Thursday, September 23, 2010

It's an 'Ethnic Thing'

I read the most fascinating commentary on how culture shapes our tendencies, pre-conceptions, reactions, communication style, etc. At the risk of sounding completely naive here, cross-cultural psychology is it's own field supported by tons of research. Of course, it's a given that you have to preempt any kind of discussion on culture with a big fat disclaimer -- stereotypes are dangerous, the individual is more than the culture of his ancestors, yadda, yadda, yadda.

It was just so refreshing to read about it in the book Outliers. 'Hofstede's Dimensions' in particular caught my interest. These measure how cultures differ on things such as 'individualism-collectivism' (how much a culture expects individuals to look after themselves), 'uncertainty avoidance' (how well a culture tolerates ambiguity), 'power distance index' (belief that power is distributed equally/unequally), 'long term orientation' (belief in perseverance over time). Why didn't I know about this when I was in university?

I can't help but personalize this by thinking of my own culture, which is a mix of western, asian, mediterranean, aboriginal. Even though I was raised plain 'ol 'Canadian', my parent's ancestry had a prominent effect on our lives. My Mom was raised British Asian in Africa. A staunch Catholic, fiercely loyal to the crown and anything English. It's a strange mix of cultures -- high loyalty and obligation to extended family and tradition yet a belief typical Indianisms such as karma, 'saving face' and 'the evil eye'.

And then there's my Dad. You'd think he was a Yankee -- brutally blunt, insensitive, not the least bit perceptive. My old man is a bull in a china shop and sadly, I'm a chip off the 'ol block. I'm not adept to reading body language or subtle language nuances in order to understand what is really being said. In fact, I dislike verbal language altogether. Sometimes I get so flustered when being formally spoken to, that I just want to yell "I don't understand what you're asking of me -- please spare me and just put it in writing!"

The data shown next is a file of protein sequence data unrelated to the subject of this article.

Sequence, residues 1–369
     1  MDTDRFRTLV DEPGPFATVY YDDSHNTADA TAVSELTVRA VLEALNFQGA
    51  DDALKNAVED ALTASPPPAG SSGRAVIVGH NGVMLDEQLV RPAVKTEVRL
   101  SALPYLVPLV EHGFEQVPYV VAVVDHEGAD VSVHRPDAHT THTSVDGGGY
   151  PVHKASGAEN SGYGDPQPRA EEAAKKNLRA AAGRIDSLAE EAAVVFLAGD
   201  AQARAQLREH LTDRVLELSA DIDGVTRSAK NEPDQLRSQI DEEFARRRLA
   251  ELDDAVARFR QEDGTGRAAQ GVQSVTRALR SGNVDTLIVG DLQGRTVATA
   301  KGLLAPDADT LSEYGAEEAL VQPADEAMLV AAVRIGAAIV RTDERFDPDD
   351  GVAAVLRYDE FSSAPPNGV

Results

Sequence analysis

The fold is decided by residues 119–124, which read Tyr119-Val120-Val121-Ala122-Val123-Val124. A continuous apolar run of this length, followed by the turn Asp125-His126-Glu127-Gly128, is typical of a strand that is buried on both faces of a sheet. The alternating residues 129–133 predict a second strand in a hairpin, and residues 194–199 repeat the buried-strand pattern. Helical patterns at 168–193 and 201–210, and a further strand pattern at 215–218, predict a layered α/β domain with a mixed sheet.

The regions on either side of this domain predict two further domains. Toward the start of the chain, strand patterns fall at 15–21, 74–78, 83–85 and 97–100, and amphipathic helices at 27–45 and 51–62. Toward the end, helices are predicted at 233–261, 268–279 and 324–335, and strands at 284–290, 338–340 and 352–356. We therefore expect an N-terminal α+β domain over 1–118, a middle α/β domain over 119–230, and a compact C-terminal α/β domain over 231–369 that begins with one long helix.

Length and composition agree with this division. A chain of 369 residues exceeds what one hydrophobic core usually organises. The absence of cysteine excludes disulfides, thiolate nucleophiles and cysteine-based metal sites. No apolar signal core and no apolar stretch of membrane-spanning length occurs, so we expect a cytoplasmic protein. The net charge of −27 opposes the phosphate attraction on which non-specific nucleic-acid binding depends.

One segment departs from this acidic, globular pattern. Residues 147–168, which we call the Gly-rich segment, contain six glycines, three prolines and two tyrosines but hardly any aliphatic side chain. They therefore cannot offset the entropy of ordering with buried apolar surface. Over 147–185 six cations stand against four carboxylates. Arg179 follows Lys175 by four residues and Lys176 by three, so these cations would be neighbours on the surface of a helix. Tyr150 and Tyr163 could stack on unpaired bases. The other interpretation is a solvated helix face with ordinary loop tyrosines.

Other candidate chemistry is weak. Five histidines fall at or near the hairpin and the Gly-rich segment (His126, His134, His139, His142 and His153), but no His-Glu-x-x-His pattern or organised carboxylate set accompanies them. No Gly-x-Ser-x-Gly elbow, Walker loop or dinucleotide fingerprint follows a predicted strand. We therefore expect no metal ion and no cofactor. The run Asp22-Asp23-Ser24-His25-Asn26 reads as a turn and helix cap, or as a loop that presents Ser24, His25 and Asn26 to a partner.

Here's an small example of cultural differences in my family that happened years ago when my Uncle Sal first arrived in Canada. He had come over for coffee -- here's what happened when my Mom left the room for a few minutes:

Dad: Here, help yourself to some cookies
Uncle Sal: Oh, um, that's very kind of you, but um, no thank you.
Dad: Are you sure? Ok, suit yourself.

My Mom returned and was appalled to see my Dad chowing down while my uncle sat silently with nothing on his plate. She later told my Dad off for being rude (actually back in those days my Mom would've never done such a thing; it took another 15 years before she finally woke up and decided to cease being a doormat, but I digress). When by Dad recounted what had happened, my mother told him that the conversation should've gone something like this:

Dad: Please, have some of these cookies.
Uncle Sal: Oh, um, that's very kind of you, but um, no thank you.
Dad: I insist, they are quite good.
Uncle Sal: Oh, no I couldn't.
Dad: Please, you must try them. Sarah made them especially for you. Here, let me put them on your plate.
Uncle Sal: Well, ok, if you insist. Thank you very much.

Granted, my Dad is not schooled in social graces. However, I don't think he was *that* rude really. One thing's for sure, there is no way in hell he would ever accommodate another culture by attenuating his words. "Spit it out" is his motto. And that's how he raised us -- to speak up and tell it like it is. Only, I'm finally learning that brutal honesty can hurt and that relationships matter more than telling people what you think. In fact it's better to just keep criticism to yourself. Jeesh, this post is supposed to be about cultural differences and I've gone and turned it into yet another one of my self-help spiels.

I'm grateful that I finally picked up Outliers. Cross-cultural psychology is fascinating. Maybe Gladwell is right after all when he suggests that "who we are cannot be separated from where we are from?"

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